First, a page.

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Is there a way to figure out wheel travel by going off of the plans and not having anything physically built? Trying to price out shocks since the ones they reccomend are either hard to come by or are not an exact fit. So looking at Fox and FOA. Plans call for an eye to eye distance of 11 3/4" for the front and 16 3/4" in the rear. However that doesn't tell me wheel travel.
 

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So after searching for shocks for the proper eye to eye length from AFCO, FOA, Fox Racing, and random Chinese Buggy shocks as per the buggy plans, I've found that it'll be easier to make this as a Next Generation and Long Travel chimera (hybrid). The difference between the ST2-LT and the ST2-NG is mainly shock placement. Front shocks on the LT are mounted externally via shock hoops mounted. Whereas the NG are mounted internally on the roll cage.

So to help with my predicament, I've decided at least for the front mounts, do them as long travel, with the shock hoop mounted externally and run a more common shock. Looking at Fox Racing 2.0 air shocks front and rear. Just have to figure out what the travel of the front and rear so I know what shocks to order. For the rear, I may mount those similarly to the current ST2-NG plans, but may do them a bit higher.
 

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Found a photocopied of the Arctic Cat Panther Hex clutch. It's not a full manual, seems like only a few pages were copied and turned into a PDF. Belt width is 1 1/4" and a worn belt measures at or less than 1 1/16" wide. Low end is 3.79:1 and top end is around .94:1 to 1.05:1, manual wasn't very specific. Did a bit of searching for clutch replacements and only finding the primary and no secondary. I've been searching for Polaris P90 and P85 drivers and the respected driven, but only found the driver. Main reason is that I want to use the gearbox I got this past summer. Being that it's from a '93 Trail Boss 350L 4x4 squad, I need the proper clutches.

The gearing on this is getting interesting. Still looking for the RPM range of the Suzuki Spirit in my Panther. With it being a stripped down version of the Pantera, it may have a 6500rpm rev limiter possibly. Horsepower difference is 50hp on the single carb Panther and a bit north of 60hp on the dual carb Pantera. Seems like there might be more to those numbers than just carb setup, such as CDI, flywheel, and Stator.
 

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I've been talking with people in the mini buggy world a bit with this and it's making me really over think this whole thing. Basically what it boils down to, they recommend that instead of using the gearbox I got, that I find a snowmobile chaincase that has mechanical reverse built in. Reasoning behind this is because the chaincase is right around 2:1 gear reduction and I would not have to run a large rear sprocket, I could go with a 45 tooth instead of a much larger one.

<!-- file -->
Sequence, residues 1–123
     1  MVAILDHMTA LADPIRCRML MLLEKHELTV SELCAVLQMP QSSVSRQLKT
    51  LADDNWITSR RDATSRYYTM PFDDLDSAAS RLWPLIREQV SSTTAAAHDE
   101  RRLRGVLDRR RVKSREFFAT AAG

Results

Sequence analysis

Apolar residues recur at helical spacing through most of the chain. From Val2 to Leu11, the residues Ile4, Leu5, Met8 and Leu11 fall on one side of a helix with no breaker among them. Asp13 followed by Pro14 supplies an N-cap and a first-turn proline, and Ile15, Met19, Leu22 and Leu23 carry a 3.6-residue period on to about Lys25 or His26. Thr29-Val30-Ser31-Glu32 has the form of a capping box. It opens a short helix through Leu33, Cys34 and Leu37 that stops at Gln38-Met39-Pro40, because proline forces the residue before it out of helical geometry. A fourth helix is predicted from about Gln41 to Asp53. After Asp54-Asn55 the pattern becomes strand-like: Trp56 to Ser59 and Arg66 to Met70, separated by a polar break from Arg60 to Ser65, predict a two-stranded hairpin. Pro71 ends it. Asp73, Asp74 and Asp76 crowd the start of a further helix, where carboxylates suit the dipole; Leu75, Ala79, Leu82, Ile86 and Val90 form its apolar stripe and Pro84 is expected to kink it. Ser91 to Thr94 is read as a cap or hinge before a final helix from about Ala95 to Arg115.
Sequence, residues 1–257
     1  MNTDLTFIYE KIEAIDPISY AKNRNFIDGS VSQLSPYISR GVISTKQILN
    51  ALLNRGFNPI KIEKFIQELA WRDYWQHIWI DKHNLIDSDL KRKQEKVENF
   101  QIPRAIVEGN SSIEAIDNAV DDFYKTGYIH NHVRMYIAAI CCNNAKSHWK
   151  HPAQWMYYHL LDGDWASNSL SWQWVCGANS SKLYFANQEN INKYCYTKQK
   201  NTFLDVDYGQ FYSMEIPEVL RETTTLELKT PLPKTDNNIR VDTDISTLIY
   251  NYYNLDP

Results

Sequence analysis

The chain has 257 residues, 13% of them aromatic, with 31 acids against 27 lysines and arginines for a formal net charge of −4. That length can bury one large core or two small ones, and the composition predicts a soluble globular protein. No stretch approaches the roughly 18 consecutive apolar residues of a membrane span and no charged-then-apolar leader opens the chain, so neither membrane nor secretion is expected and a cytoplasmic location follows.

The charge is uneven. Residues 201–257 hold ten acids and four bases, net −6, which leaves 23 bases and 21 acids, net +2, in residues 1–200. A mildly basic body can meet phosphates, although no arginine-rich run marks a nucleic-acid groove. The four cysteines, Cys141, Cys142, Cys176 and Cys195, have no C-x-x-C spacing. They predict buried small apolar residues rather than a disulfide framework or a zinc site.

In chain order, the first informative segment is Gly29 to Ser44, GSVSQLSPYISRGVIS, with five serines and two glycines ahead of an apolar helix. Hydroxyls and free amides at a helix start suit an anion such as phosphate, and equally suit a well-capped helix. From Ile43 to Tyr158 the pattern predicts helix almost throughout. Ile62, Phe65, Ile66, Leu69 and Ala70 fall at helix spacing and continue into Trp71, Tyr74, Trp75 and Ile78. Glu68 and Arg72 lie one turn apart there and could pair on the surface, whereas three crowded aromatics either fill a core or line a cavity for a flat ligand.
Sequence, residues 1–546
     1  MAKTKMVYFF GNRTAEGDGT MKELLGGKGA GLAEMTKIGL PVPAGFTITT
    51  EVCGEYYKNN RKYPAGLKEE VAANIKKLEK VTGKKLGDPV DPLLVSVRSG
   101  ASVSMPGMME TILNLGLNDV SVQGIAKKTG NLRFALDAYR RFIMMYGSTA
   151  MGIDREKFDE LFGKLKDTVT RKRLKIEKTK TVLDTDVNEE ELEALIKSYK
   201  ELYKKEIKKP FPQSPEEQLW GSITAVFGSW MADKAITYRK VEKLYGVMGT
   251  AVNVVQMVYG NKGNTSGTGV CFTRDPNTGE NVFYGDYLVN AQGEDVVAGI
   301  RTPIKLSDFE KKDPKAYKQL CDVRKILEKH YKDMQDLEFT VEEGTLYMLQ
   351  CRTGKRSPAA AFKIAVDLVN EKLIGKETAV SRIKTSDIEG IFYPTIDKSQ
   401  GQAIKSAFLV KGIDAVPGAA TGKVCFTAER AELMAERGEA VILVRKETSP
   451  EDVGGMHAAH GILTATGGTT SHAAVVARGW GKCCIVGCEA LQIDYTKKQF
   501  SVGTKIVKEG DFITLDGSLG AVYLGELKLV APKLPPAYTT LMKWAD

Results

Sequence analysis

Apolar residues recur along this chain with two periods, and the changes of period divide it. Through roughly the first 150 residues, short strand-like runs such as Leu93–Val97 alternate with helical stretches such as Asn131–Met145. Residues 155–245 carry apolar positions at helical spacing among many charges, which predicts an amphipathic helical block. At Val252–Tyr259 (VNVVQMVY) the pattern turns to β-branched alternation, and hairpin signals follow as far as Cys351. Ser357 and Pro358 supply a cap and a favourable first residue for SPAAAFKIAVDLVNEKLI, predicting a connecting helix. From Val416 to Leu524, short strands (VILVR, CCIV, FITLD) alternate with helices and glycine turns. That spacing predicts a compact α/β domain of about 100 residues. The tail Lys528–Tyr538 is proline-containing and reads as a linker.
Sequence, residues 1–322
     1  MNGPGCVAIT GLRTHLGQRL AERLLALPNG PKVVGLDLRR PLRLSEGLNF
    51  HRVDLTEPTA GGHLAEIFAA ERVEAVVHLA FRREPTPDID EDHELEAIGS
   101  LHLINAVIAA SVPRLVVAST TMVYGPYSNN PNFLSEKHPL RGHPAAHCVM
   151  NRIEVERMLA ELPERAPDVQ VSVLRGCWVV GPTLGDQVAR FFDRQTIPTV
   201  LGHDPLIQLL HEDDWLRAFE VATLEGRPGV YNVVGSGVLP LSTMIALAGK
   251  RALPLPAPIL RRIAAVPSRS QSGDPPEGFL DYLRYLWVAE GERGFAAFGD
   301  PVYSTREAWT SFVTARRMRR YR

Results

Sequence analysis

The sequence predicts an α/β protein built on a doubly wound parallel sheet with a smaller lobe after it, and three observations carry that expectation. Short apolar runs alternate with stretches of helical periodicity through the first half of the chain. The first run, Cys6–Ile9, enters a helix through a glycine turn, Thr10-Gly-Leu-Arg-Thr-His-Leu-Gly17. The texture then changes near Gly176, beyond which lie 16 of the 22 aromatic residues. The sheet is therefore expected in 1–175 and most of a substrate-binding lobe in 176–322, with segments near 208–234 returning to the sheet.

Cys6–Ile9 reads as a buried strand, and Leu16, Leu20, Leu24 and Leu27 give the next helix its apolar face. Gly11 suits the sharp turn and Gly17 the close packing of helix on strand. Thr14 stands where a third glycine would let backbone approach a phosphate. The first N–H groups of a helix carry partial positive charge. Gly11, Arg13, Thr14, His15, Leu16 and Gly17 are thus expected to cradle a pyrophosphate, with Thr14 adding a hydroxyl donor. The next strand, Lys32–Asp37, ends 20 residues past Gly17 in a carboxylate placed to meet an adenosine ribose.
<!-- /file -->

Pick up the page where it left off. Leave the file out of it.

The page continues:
Their reasoning behind this is, with the Trail Boss gearbox high range is only 1:1, I would need another reduction after the gearbox to the rear axle to get the 8:1 or lower gear ratio they recommend when using a snowmobile engine. If I could find out if I could run the gearbox in low range constantly without long term damage, I could use the gearbox 3.5:1 low range no problem for reduction. At that point I also need to figure out how lock the sprocket onto the gearbox. At the moment, it just slides on the output shaft and I'm not sure if there's supposed to be a locking collar of some type.

Almost seems like I should just ditch the gearbox and not even have reverse just to avoid issues. The jackshaft in the plans would allow for more gear flexibility. Could maybe even run hubs with a split sprocket to make swapping them out easier. Though it does not show any way to adjust chain tension. Another thing is, the center to center distance they call for from the jackshaft to the axle is 13 1/16", seems kind of short?
 

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Finding the proper ATV clutches to work with the gearbox hasn't been a challenge, but finding them in a decent condition and not beaten to hell, not an easy task. So I may hold off on using the gearbox for a while. On the upside, I did find a set that will work, 102C and a 90D. Gives a 3.28:1 low with a 0.78:1 over drive. So this maybe a temporary to permanent choice for this build.
 

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So on my previous trip to Minnesota for my time off from work, to possibly to work on the snowmobile (didn't happen unfortunately), got a better look under the hood. Turns out, the engine does not have an expansion chamber exhaust. Just a 2 into 1 flange into a large muffler. Unless this is an oddball expansion chamber (could be), for now I'll assume the engine does not have one.

So with that being said, would it be more beneficial to have a customer expansion chamber built (professionally built, this type of work is beyond my knowledge base. I know of books and what not, but I lack the skill set) or should I just do traditional exhaust, modified compared to the current stock version, since the muffler is pointed forwards and would be in the way of the gearbox or jackshaft.